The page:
Part of the stratagem began overt demonizing of educational importance. Higher education became increasingly suspect in conservative corners. Empirical science and scientists and astronomers must have an “elite agenda.” Learned and respected historians must be pushing a counter-culture “commie” perspective. Archeologists and anthropologists — except the ones trying to prove the Bible as fact — became godless atheists not to be trusted. The media and Hollywood became the “liberal elite” — therefore casting any and all facts they might disseminate as a not-to-be-trusted agenda.
Of course the rightwing demonizes “liberal education.” Education teaches substantive critical thinking which is the key to democracy and equitable social progressive policy and the enemy of propaganda machines.
That strategy has continued to be used by the GOP, even today, to manipulate “the base” and keep them regressively bigoted, to combine that bigotry with religion and patriotism, and to keep them ignorant by demonizing education beyond the bare minimum required to serve the corporate wealth engine. That’s why the poor rural voter continues to vote against their own best interests. The GOP conned them into believing the republican propaganda is the ONLY upright, moral and God-fearing patriotism. All else are communists, socialists, and evil liberals.
Conservative Believers who feel — at the barest human minimum — squeamish about the religio-patriotic spin on conservatism, will not speak out or stand in opposition because it has been ingrained in them that should hold the same political stances as their conservative evangelical leaders. This has left them with an ingrained religo-patriotic willingness to defer to conservative politicians and socially conservative policies supported by those evangelical leaders. In addition, part of the stratagem unfolded to include a kind of religio-patriotic support for policy benefitting corporations and the wealth class — Which is why they continue to accept the trickle down economic theory against all empirical evidence and against generations of personal and anecdotal evidence. It has become morally upright to work like a dog for little return to benefit the capitalism-gone-mad wealth class, creating a kind of theocratic corporate feudalism ensnaring us all.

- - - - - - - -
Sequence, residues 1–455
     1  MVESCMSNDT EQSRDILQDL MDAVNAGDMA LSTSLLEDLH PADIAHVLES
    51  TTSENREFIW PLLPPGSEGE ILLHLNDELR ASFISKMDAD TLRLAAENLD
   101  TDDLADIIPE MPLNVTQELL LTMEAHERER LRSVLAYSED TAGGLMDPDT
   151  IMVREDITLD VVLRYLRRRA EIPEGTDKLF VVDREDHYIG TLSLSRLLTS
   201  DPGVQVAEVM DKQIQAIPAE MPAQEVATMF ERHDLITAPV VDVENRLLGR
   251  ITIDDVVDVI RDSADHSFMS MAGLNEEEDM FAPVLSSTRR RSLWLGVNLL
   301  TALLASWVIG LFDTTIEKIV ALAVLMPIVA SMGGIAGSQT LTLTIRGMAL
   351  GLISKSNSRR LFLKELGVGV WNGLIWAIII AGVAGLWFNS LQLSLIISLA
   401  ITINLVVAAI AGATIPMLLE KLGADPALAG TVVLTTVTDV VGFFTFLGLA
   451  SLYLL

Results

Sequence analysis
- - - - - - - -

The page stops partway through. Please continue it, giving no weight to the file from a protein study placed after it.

This is the patriotic religiosity which, today, holds up a man like Trump, who is the antithesis of the morally rigid social conservatism for which the GOP and its base have always proclaimed to be the their core ideals; it’s why they support a man who for all his adult life has surrounded himself with a mob of proven liars, crooks, fraudsters, moral deviants, and traitors.
I’m an avid history hobbyist. What do I mean by that statement? I mean that I read history and archeology and anthropology books and articles for pleasure, as a leisure activity. I also read those things for research on topics and eras in which I write fiction, poetry, and commentary. The above essay is not the entirety of the critical factors; it is a commentary on a specific stratagem to leverage those factors broadly for the partisan benefit of the GOP. As I see it, ultimately, the current regime’s ascendancy stems from the impacts of this stratagem. If we don’t understand how we got here, how will we make sure we never find ourselves in a similar or worse predicament?